So, there is light. News organisations, often large corporate entities, have needed to learn how to experiment and respond to their audience at a scale and speed they have never had to before. By and large though, they are trying. In Australia, a recent collaboration between a grassroots site Our Say that asks people to vote on issues they see as important and The Age, saw readers vote for questions they wanted answered on climate change. The top questions were then investigated and reported back to The Age audience.
Media companies are just not able to take their audience for granted any longer. An increase in competition has meant they’re under greater pressure to create compelling content; a better-connected audience has meant that they cannot get away with mistakes and fabrications; better communication through social networks like Twitter has meant journalists are “on the ground” where the audience is. These are all great things for news and I’d say, despite all the challenges, we are in the golden era of journalism.
We are no longer confined by necessities like printing presses or media licenses to participate in news creation. You don’t need to understand HTML or any technical aspects to publish news to an audience. While journalists working in media companies have been traditionally resistant to these changes, more and more are embracing social media, mostly because it’s hard to deny its importance as a tool, both as a form of news publication and news gathering.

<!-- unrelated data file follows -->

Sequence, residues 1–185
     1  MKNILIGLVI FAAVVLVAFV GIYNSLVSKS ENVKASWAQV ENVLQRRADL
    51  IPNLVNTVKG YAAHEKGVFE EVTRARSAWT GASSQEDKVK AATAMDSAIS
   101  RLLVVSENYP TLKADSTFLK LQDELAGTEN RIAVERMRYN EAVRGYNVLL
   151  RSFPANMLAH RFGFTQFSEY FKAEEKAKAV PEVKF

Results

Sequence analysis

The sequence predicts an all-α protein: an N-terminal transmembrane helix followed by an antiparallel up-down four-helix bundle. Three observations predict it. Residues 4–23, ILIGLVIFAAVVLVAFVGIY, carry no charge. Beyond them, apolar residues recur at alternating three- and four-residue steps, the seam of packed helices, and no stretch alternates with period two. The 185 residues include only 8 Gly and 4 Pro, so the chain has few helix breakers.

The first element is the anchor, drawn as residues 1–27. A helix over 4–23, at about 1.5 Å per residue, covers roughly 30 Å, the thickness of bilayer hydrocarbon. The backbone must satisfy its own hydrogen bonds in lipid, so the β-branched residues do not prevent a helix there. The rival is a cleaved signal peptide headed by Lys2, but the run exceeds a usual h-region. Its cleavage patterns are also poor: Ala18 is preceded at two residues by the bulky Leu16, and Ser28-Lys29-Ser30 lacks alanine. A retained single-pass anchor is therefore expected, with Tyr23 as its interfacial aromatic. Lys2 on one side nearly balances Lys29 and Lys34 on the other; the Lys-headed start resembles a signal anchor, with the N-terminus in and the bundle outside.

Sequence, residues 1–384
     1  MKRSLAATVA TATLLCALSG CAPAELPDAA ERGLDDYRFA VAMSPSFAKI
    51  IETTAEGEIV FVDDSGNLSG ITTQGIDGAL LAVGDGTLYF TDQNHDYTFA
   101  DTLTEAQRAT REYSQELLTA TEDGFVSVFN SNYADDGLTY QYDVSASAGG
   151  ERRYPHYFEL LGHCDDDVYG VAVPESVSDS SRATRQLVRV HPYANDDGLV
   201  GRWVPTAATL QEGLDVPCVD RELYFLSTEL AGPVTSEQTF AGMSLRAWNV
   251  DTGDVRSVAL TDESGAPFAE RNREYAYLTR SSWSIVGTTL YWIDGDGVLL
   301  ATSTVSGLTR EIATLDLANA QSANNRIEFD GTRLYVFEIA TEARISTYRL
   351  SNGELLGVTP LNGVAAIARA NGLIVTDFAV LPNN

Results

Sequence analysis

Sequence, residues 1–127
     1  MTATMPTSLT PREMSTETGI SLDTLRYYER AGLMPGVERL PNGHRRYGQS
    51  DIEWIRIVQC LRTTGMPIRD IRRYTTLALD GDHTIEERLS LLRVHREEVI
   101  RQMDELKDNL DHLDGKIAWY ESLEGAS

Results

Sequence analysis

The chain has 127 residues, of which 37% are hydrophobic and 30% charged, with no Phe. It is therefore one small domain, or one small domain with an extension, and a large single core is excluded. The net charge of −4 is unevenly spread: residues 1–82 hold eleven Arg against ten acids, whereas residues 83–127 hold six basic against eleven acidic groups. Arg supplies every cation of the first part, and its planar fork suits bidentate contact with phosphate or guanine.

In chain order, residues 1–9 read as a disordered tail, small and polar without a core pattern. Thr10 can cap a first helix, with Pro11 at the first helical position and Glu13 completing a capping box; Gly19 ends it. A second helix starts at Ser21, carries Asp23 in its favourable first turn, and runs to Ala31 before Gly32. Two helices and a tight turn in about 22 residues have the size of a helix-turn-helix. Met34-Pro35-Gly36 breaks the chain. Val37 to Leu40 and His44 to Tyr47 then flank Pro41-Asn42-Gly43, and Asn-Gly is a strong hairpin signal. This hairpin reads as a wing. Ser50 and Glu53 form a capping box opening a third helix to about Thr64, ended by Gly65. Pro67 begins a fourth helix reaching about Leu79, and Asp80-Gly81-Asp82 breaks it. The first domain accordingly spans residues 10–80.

Ultimately, the news is good for news.
Bronwen Clune is founder and CEO of Norg Media, a company dedicated to creating people powered news sites around the world. Bronwen launched Norg in 2006 with what she says was a very “green” outlook on how the web worked. Not one to sit on the sidelines and very much in awe of the changes she saw it bringing to media, she wanted to explore that for herself. After somewhat of an epiphany and an intense few months of idea-jamming, she launched her vision for a future news organisation.
Image Fort Wayne Newspapers by Jon B. Sweren.